Sun-Maid Raisins is one of the most recognizable brands in the United States. But its bonnet-wearing farm girl hasn’t kept this century-old cooperative from losing touch with consumers, especially younger ones.
Harry Overly vows to change that.
Overly was hired last year as the president and chief executive of Sun-Maid Growers of California. A 39-year-old marketing whiz who has spent most of his career in Chicago, Overly was brought in to shake things up in raisin land.
For the first time in more than a decade, Sun-Maid will launch a national campaign next year focused on rekindling fondness for the brand. People react favorably when they hear the name Sun-Maid. Now it’s up to Overly and his team to leverage that into new sales.
His goal is $100 million in growth over the next three to four years. Stay tuned for new products, new advertising and an elevated presence in grocery stores.
“During our research, we heard comments from people who said raisins are the bridesmaid but never the bride, or it’s like mustard — you eat it on a hot dog but never alone,” Overly said. “Raisins are not a top-of-the-mind snack. And … competition on the grocery store shelf is fierce.”
Overly said people pigeonhole raisins as a food for small kids: Parents feed raisins to young children when they start eating solid food, but once the children reach school age, they want other things in their lunches.
“They may not buy [raisins] again unless they are making cookies for their grandkids,” Overly said.
For more than 30 years, Sun-Maid was run by Barry Kriebel, who provided steady and pragmatic leadership. It served the grower-owned cooperative well for quite a while. Growers earned a decent profit and consumers loved the brand.
But people began eating other snacks.
“Our kids aren't thinking about raisins anymore,” said farmer Jeff Jue, chairman of Sun-Maid’s board of directors. “We need to make Sun-Maid more relevant. And that’s why we hired Harry.”
Overly said he was cautious about taking the job. After all, he had climbed his way up the corporate ladder of several major food companies in Dallas and Chicago. Kingsburg, Calif., and Sun-Maid weren’t exactly on his radar.
His last job was as CEO of the North American division of Deoleo, one of the world’s largest sellers of olive oil. Before that he was in Chicago as the chief customer officer of TreeHouse Foods, the largest private-label food maker in the United States.
Overly wondered whether Sun-Maid was willing to take risks or just wanted a CEO who would play it safe.
“If they wanted a guy to run a volume-based business and manage it for cash, I would probably be bored and leave in a year,” Overly said. “But that’s not what the board wanted. They wanted to grow the business and make Sun-Maid relevant again. They wanted to put the business on a different trajectory.”
To do that, Overly started by changing the culture at Sun-Maid. He got tired of people describing sluggish sales as “managing the decline” or thinking of packaging as being just in a box.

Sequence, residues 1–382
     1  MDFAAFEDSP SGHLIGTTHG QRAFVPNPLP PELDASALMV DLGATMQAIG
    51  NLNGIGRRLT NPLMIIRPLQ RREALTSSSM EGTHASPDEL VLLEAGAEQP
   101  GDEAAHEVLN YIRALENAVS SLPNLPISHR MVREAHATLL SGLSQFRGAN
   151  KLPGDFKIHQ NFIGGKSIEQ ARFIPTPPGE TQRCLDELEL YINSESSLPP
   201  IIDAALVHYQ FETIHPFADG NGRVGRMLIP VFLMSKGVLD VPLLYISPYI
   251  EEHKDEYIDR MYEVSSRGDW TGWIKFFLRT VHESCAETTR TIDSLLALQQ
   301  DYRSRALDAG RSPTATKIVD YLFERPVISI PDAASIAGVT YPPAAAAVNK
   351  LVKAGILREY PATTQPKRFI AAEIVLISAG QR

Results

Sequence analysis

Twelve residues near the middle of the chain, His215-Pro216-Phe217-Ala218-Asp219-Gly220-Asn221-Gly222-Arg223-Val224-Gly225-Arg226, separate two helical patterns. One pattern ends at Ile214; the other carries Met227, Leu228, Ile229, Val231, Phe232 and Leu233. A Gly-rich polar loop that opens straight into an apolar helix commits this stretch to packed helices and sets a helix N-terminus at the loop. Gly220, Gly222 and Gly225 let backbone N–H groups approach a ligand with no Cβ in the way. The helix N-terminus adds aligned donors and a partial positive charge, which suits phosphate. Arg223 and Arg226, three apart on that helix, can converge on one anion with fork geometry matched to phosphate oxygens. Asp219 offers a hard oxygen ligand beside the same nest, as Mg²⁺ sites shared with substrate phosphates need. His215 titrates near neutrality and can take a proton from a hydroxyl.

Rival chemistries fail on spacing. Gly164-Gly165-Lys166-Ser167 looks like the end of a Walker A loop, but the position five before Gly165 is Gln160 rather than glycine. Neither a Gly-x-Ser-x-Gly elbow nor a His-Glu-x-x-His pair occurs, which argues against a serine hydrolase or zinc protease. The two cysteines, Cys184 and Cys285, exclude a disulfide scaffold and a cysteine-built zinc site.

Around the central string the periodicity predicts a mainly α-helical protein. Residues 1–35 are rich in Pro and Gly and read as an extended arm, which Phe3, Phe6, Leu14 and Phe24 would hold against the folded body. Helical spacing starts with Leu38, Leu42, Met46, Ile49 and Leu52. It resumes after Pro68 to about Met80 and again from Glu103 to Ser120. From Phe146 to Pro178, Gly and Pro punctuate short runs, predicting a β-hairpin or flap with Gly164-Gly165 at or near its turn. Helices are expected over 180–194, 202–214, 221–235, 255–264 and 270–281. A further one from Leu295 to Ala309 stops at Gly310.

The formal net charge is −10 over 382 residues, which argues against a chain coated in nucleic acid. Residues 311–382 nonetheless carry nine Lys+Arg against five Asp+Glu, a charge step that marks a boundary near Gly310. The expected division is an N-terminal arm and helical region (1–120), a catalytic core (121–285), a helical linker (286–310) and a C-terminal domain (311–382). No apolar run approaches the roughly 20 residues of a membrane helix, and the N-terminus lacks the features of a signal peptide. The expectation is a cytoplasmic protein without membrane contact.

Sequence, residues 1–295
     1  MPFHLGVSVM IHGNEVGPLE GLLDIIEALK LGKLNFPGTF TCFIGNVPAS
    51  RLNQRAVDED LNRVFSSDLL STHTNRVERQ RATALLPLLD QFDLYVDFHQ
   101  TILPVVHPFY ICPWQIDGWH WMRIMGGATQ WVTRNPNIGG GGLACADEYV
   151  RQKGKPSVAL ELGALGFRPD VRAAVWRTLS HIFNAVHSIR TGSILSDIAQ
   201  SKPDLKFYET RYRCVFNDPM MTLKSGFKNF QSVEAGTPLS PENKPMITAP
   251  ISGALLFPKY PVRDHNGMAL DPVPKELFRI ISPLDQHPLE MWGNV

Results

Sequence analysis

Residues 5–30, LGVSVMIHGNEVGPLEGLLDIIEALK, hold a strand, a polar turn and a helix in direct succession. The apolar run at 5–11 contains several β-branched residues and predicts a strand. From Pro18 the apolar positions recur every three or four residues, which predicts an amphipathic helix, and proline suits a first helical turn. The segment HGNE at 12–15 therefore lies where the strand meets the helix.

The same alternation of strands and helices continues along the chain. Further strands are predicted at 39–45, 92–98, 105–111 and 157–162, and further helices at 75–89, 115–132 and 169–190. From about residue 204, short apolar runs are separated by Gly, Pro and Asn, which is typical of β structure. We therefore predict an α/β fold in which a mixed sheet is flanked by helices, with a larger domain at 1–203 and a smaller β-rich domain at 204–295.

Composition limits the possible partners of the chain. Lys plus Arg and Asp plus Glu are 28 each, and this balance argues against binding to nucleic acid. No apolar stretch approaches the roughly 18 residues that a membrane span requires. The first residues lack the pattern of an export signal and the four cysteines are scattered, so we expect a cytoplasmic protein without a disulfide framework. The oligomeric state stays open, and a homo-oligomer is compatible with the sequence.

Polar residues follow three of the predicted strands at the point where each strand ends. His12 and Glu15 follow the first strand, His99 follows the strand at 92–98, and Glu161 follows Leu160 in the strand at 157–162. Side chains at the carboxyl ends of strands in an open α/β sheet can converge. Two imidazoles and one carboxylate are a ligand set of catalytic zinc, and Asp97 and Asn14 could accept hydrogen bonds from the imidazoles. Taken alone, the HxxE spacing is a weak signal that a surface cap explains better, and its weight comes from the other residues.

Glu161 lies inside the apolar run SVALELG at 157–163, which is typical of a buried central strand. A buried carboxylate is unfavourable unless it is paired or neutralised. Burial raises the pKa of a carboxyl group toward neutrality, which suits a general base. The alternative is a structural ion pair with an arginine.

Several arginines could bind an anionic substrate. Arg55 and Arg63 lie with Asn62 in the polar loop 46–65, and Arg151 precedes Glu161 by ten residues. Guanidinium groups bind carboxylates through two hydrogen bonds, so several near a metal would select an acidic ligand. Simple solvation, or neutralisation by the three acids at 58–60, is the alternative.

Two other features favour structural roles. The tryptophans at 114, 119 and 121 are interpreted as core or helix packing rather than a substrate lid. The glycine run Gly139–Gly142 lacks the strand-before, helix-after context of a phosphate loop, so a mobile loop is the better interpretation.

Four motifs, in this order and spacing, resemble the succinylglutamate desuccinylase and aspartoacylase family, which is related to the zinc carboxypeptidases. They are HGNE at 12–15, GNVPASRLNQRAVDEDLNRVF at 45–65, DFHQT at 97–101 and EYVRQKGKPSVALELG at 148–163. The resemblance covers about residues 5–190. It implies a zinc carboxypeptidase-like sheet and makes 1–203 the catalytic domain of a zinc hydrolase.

“There was such a fear of failure in this company that they became risk averse,” he said.
He estimates that raisin consumption has dropped about 10% over the last five years, in part because Sun-Maid has not invested in growing the business.
To help reverse that trend, Overly brought in some new talent for his marketing team, including creating a new role: vice president of insight and innovation. To fill that role, he hired longtime colleague Lana Simon, whose resume includes TreeHouse, Sara Lee and Kraft Foods.
Simon will oversee the relaunch of flavored sour raisin snacks made with natural fruit juice and no added sugar. The snacks were launched about 18 months ago, but Overly gave them a makeover, including new packaging and placement in grocery stores’ snack aisle instead of the dried fruit aisle. They come in watermelon and strawberry flavors.
Snacks, especially healthy snacks, are a growing segment and appeal to millennials as well as baby boomers, the core of Sun-Maid’s customers.
Simon said consumers can expect to see raisins combined with other healthy ingredients. She and her team also plan ads that play on the nostalgia and trust Sun-Maid raisins represent.
Overly knows he has doubters among the cooperative’s 700 growers. Change happens slowly in the raisin world. For decades, farmers have made raisins the same way: In the late summer, thousands of workers clip ripe bunches of grapes and place them on paper trays in the middle of the vineyard, where they naturally dry into raisins.
Longtime Sun-Maid grower Paul Locker of Selma, Calif., said wanting to sell more raisins is only part of what has growers in knots. The industry has been shrinking over the last decade as growers rip out their vines and replace them with higher-value crops such as almonds and tangerines. Even Locker has added wine grapes and almonds to his mix of crops.
Since 2000, raisin acreage in the San Joaquin Valley has plummeted to 150,000 from 270,000. A majority of that acreage is in Fresno County, the nation’s raisin capital.
Newly planted raisin grapes accommodate mechanical harvesting, a labor-saving method of picking that is costly to install.
“We have been able to grind out a living, but it is expensive,” said Locker, who harvests some of his vines by machine. “And it is not getting easier.”